The cardboard puzzle pieces inside were just as blank as the container, flat, unglossed tan on both sides, but in pristine condition, the edges crisp, nubs and corners unbent. There weren’t many of them left in the tin. Most were spread out beside it on the folding card table, and most of those had already been painstakingly fitted together by the patient hands of a puzzle expert. Jane tried the piece in her had, first in one spot, then another. On the third try it slid neatly into place, male and female components of the two pieces interlocking so perfectly that it gave Jane an embarrassed tingle when when she considered the metaphor completely. She took another sip of wine from the bottle at her feet. Then she set it down again gingerly, making sure it came to rest in the bottle shaped indent in the carpet. She couldn’t set it on the table, she reasoned. If it spilled it would ruin the puzzle. Months of work. Possibly her whole life. Better the carpet get one more stain than even one piece of the jigsaw. She was so close now she could taste it, sweeter than grapes, more pleasant than wine.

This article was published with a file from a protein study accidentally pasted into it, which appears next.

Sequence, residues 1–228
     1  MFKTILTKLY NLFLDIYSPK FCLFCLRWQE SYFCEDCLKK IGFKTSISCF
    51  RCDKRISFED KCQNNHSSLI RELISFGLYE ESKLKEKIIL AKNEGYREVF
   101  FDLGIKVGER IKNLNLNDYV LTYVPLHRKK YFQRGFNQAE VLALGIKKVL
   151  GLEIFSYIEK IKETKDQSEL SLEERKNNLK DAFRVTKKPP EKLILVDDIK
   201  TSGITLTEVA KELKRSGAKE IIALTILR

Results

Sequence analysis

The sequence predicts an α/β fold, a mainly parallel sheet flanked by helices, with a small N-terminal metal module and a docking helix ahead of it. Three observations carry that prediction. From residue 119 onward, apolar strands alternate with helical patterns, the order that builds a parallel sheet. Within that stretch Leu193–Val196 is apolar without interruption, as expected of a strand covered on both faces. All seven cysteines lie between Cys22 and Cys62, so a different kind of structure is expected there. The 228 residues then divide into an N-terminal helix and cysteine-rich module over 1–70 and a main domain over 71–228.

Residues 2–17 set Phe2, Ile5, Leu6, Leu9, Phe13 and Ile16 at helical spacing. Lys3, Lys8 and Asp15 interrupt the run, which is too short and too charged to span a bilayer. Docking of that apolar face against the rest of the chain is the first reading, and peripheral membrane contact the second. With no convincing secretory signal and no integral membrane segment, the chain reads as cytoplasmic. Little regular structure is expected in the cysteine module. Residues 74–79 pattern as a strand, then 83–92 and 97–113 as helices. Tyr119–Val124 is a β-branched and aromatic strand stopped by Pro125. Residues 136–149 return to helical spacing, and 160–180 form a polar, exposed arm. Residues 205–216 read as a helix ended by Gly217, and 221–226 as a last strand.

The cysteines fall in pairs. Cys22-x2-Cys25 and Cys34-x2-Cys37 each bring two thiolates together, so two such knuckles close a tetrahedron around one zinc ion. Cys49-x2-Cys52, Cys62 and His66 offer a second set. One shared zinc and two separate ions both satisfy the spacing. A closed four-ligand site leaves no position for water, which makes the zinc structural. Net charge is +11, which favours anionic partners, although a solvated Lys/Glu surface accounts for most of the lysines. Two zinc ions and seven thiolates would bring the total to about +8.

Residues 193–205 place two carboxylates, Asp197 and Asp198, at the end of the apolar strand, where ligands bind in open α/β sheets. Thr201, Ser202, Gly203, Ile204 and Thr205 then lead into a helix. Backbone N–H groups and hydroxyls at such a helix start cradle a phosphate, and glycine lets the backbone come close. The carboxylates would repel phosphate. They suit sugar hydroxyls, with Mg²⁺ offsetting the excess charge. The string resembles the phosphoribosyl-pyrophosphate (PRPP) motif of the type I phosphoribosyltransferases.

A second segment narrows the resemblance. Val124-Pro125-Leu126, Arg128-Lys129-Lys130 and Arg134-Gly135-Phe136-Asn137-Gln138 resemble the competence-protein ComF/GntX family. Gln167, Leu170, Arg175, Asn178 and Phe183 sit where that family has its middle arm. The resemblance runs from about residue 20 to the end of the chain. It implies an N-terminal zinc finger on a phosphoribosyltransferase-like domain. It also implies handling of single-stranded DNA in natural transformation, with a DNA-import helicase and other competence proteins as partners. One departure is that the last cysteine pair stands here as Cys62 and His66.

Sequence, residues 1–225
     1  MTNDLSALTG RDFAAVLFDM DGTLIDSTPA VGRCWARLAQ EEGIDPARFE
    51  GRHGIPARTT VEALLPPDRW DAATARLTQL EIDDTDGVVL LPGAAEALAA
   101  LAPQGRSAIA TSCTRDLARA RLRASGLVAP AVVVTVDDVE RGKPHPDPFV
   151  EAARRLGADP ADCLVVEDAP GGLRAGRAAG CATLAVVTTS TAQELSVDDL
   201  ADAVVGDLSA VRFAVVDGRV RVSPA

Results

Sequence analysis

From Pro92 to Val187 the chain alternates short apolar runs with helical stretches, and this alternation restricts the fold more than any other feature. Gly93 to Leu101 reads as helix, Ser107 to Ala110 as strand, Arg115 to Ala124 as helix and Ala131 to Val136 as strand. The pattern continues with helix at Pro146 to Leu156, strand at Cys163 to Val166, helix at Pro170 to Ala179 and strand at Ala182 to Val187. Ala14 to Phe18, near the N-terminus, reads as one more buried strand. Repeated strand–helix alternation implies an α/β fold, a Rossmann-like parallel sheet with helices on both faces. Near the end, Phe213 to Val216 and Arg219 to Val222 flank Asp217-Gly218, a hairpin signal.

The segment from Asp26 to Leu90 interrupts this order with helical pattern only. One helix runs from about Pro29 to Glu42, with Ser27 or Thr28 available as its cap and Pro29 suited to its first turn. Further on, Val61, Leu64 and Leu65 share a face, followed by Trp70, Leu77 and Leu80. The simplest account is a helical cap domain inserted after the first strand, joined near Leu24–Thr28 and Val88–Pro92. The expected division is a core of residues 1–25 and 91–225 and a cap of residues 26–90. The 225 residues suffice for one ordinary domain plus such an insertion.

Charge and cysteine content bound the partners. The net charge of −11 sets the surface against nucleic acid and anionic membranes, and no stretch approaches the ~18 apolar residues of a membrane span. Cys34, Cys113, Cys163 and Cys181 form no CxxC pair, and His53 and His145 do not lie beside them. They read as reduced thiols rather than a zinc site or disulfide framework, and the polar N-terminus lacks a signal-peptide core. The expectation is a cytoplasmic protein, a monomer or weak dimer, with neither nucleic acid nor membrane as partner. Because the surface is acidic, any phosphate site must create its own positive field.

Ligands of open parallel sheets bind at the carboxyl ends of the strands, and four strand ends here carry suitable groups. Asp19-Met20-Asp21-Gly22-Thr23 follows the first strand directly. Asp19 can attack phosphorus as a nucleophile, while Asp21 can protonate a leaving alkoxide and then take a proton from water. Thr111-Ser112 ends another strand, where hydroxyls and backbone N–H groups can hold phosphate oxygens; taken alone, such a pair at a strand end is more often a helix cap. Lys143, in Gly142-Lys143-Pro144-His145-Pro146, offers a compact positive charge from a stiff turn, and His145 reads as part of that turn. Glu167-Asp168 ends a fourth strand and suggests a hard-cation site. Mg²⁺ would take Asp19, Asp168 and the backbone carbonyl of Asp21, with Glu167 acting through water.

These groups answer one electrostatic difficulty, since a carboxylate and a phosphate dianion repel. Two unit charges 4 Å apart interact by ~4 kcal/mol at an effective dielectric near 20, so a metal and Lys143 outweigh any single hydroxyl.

It had started a few years ago. Actually, it had started just over a decade ago when the kids had left the house for good and that cheating bastard had flown off to Chicago “for business” and had never come back. That was when the bottles had started piling up, when the pu zzle boxes began to fill every closet, every shelf, every corner of every room. She enjoyed doing them. The act of taking something broken into so many pieces and making it whole, making it beautiful, again. And so what if some of them got damp? She always kept a box of tissues nearby to clean the tears from the pieces as they fell. Somehow, it never seemed important enough to wipe them away before that point.